Combining, Refining, Their Rock Soars
I feel like a fan again. All year, only two records have succeeded in plastering my brains to the ceiling more or less permanently--Paul Simon and Manfred Mann's Earth Band, both of which had me singing to strangers on the street until I could get home to my stereo again. Now, suddenly, I just have to play Rod Stewart's Never a Dull Moment and Van Morrison's Saint Dominic's Preview, all the time, and even though it's too soon to know, I won't be surprised if they both have me jumping up and down in front of the speakers for months and years to come.
Stewart and Morrison have been the most consistent rock artists of the decade, releasing three (and now four) consecutive albums that rank somewhere between standard and classic. In a way, this is a disadvantage--like Old Faithful, they're so miraculous they risk being boring. When Paul Simon and Manfred Mann came up with genius LPs, I got off partly on my own surprise, but from Rod and Van I demand the best so automatically that I don't always notice when I get it.
Their consistency is deliberate--both men make it their business to continually refine the English rock sensibility without processing the life out of it. Unlike so many singer-songwriters, they are deeply rooted in rock and roll. They derive their gritty vocal styles from rhythm-and-blues, and their instrumentation, while always imaginative--Stewart's mandolin and pedal steel, Morrison's horns--sticks close to the electric bone. They both have learned from the folkies. Not only are they far more literate than the average English flash weirdo, they know how to make their words flesh--that is, they can really sing.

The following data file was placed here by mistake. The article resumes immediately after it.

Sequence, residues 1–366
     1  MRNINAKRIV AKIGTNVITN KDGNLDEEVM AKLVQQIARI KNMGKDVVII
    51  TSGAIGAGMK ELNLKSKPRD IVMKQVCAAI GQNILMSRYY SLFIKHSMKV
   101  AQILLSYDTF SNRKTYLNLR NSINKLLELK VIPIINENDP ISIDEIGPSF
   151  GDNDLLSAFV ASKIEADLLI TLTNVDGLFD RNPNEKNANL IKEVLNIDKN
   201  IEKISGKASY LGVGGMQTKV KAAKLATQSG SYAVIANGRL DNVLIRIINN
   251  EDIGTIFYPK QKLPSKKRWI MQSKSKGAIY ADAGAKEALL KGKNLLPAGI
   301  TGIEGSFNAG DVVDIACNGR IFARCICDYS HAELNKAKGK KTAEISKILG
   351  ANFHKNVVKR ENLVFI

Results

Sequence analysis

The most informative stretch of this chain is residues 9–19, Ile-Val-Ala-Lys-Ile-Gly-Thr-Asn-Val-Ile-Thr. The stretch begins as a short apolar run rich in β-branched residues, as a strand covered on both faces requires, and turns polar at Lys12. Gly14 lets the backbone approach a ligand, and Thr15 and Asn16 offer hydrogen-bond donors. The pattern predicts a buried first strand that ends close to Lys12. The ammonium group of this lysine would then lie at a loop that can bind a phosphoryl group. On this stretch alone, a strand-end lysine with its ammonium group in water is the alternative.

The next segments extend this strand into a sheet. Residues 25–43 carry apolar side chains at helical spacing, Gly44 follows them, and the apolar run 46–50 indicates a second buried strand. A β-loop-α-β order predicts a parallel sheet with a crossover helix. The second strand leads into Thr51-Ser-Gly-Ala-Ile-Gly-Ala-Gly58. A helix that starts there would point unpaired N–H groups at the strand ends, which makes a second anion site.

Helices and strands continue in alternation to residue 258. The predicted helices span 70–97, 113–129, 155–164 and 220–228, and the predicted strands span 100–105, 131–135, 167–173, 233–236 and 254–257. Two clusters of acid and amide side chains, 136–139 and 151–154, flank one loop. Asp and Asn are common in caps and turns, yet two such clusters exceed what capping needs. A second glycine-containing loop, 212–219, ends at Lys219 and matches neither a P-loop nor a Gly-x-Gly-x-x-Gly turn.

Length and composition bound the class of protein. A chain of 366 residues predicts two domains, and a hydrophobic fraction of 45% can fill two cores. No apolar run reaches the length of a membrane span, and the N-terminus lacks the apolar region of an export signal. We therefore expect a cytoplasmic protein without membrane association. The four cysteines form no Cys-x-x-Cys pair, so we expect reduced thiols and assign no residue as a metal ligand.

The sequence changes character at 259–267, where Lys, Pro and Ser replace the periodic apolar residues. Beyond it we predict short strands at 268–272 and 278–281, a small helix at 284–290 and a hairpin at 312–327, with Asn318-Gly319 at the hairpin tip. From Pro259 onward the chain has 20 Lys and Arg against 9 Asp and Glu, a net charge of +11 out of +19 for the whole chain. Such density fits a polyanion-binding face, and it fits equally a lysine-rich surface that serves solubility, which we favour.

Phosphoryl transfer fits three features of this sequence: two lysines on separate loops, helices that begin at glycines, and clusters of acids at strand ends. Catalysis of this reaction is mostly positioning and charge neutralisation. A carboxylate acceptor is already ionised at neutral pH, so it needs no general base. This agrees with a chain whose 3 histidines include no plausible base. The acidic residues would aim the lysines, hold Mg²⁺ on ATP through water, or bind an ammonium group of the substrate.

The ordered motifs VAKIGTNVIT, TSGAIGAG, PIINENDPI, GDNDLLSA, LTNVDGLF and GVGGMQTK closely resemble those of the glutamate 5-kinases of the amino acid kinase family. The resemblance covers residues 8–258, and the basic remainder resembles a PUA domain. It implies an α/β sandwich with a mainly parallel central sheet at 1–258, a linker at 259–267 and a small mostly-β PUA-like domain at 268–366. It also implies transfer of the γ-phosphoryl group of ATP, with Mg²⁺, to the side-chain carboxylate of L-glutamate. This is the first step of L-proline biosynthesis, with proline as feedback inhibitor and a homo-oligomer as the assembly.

Both integrate acoustic guitars to their ensemble. But most important, they can rarefy their music without vitiating it because they have learned how to perceive rock and roll and contemporary folk music and themselves as part of the folk. Relating consciously to its history and its present, they don't adulate or condescend--they think, they don't idealize.
The proof is their broad popularity. The Stewart success has been a little more spectacular. He also records with his group, The Faces and he plays Madison Square Garden while Morrison plays Carnegie Hall. It's partly because Stewart really wants to be a star. No one since the Beatles has reveled so gleefully into stellar pop-and-flash. Morrison's star pattern is more subdued, crossing two modern (but obsolescent) blues personae--the soul man (who boasts "Watch this" on "Jackie Wilson Said," which opens Saint Dominic's Preview, or kicks a phrase home on stage) and the jazz singer (who scats continually and affects shades and a cigarette at Carnegie Hall.)